“Really want to see him guard 4-men, that’s something that he’s going to have to be able to do and show that he can do that.”

From his point of view, Daye said that it doesn’t matter whether he’s playing the 3 or the 4 and it really shouldn’t. We get caught up on what position a player plays, but that type of thing doesn’t matter all that much. What’s more important is what position a player is able to defend and improvement from Daye in defending and rebounding against 4s will only help San Antonio’s already versatile rotation.

Like Daye, Jeff Ayres is an experienced pro leading the line in Vegas in an effort to get the minutes and reps that didn’t present themselves last season. Even on the Spurs, a team with a share-the-wealth attitude towards minutes allocation, it can be hard to get consistent run.

Also like Daye, Udoka and his staff of young assistant coaches are trying to put Ayres in the type of situations he’s likely to face in the regular season. That’s easy to say, but how realistic is that when guys like Marcus Denmon, DeShaun Thomas and JaMychal Green are fill holes typically occupied by Tony Parker, Danny Green and Tiago Splitter. Can you really keep the best players on the floor in the same roles in July that they’re likely to find themselves filling in February?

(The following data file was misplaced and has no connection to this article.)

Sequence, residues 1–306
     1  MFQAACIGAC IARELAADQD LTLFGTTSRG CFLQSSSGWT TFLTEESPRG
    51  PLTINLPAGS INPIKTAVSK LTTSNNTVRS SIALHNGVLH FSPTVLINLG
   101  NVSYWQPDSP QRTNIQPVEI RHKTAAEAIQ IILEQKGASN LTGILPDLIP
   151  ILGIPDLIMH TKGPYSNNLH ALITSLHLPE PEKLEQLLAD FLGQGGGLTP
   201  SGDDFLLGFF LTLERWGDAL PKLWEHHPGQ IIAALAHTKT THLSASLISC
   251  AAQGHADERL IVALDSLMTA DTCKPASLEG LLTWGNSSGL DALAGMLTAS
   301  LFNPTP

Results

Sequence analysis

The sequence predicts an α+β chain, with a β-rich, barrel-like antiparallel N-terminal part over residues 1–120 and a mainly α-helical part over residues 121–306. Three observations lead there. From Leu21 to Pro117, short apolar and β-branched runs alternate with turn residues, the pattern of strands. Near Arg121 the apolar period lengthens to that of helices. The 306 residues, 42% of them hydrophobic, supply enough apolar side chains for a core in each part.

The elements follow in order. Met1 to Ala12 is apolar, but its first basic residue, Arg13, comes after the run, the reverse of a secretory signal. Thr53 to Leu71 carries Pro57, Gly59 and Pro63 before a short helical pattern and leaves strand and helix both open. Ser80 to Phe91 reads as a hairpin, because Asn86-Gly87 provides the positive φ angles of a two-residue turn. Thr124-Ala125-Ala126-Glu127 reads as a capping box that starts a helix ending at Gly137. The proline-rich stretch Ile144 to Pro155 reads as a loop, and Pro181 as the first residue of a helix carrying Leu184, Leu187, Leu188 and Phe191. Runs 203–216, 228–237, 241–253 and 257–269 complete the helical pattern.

If Daye’s 18 shots on Friday evening against the Kings are any indication, not really. But there are still opportunities to work on the things that need to be fine tuned.

“[Ayres is] one of our better guys, but the guys watching him in the stands (the coaching staff and front office) want to see him do specific things,” Udoka said. “We’re not gonna dump it into the post, that’s not what’s gonna happen next season, so we want him to spread the court, run step-ups, run pick-and-rolls and hard dives and rebound the ball, defend as well. With all those guys we’re trying to make it realistic. Like I told Austin, don’t try to be Magic Johnson out here, keep the game simple because that’s what’s going to get you in next year.”

On the other end of the summer league spectrum comes Kyle Anderson. The San Antonio Spurs’ first round draft pick and, as of publication, most recent signing, Anderson comes to Vegas with expectations higher than those typically reserved for the 30th pick in the draft. Such is the burden when the smartest team in the league drafts a player whose skills seem like a perfect fit for their system.